Powering Down: Agentic frameworks for observing social and emotional connection in the Millennial Generation Daniel Kenji Okamura, University of Nevada at Las Vegas

“Heyyy Winky-Face”: Technology and Evolving Cultures of Romance Dina Pinsky, Arcadia University



“Is Unmediated More? When In-Person Interaction is (and is not) an Analog for one’s digital presence.” Berge Apardian, California State University at Los Angeles

 

Saturday 1:45 PM-3:15 PM

 

217. Mini-Conference: Digital Sociology: VIII. Digital Communities –Cambridge

 

Presiders: Rachel M. Durso, Washington College; Francesca Tripodi, James Madison University; Leslie Jones, University of Pennsylvania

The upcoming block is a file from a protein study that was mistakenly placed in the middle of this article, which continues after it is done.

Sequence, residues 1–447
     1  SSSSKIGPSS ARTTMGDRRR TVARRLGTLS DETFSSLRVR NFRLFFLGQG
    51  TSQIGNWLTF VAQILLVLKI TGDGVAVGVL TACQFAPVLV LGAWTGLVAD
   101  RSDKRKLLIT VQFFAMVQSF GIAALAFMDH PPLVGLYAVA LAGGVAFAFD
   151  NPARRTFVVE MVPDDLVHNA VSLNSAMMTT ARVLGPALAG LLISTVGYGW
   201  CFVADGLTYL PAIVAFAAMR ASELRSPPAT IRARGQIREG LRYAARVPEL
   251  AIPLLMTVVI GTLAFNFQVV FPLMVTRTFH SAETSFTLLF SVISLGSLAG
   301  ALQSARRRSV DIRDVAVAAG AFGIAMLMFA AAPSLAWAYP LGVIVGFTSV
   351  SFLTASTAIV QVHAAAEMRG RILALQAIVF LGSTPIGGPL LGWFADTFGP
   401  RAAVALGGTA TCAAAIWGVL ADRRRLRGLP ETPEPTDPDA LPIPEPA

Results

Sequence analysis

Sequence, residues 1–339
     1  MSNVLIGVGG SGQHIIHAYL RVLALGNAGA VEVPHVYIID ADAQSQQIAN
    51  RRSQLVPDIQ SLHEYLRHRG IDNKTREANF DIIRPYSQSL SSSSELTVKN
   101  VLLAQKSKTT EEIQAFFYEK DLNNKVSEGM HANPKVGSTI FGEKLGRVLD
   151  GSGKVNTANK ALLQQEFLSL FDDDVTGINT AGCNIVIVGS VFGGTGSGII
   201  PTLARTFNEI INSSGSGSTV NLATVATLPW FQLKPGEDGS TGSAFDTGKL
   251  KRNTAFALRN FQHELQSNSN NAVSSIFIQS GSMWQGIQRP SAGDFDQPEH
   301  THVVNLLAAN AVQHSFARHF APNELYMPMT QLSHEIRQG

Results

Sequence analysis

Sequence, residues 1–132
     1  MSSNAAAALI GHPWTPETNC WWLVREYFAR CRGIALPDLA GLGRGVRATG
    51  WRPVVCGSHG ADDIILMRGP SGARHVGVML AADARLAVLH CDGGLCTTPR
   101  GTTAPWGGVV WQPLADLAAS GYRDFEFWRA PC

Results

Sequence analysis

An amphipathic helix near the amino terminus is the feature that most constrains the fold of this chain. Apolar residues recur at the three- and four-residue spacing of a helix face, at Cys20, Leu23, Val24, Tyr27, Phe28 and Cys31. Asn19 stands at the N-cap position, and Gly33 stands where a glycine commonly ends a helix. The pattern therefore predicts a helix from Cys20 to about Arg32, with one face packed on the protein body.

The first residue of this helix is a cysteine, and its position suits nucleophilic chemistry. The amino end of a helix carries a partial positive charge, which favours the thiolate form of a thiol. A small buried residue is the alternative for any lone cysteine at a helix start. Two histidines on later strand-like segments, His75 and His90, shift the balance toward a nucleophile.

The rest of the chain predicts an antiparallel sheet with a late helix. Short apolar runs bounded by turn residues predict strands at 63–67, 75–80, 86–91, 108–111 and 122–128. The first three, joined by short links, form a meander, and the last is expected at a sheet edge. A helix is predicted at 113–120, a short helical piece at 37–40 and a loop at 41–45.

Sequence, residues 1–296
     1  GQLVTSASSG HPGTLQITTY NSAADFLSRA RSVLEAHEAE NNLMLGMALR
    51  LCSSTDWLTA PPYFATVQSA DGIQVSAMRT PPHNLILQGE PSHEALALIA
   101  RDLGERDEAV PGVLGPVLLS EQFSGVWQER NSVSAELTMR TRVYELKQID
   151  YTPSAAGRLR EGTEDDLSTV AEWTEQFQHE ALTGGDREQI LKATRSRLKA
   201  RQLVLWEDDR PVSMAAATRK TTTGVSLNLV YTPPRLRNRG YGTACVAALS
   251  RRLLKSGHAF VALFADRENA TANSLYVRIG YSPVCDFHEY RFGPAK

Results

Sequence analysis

Atheists online: Reaping the Benefits of the World Wide Web Nikolitsa Grigoropoulou, University of North Texas

Virtual encounters around a tough past: analysis of a community of former interns of a Brazilian Institution of Marginalized Children and Adolescents veridiana domingos cordeiro, University of Chicago

Community Formations on Discord Justin Richard Levine, Temple University

Minus World: The Impact of Hostile Online Interactions in the Gaming Community Has on Women and People of Color Dion Campbell, University of Florida

 

265. Mini-Conference: Digital Sociology: X. Media Policies and Platforms — Holmes

Presiders: Rachel M. Durso, Washington College; Francesca Tripodi, James Madison University; Leslie Jones, University of Pennsylvania



Corporate Hegemony on Digital Technology David Michael Arditi, University of Texas at Arlington

Islands in the Stream: How digital music piracy became a normal activity Daniel Kenji Okamura, University of Nevada at Las Vegas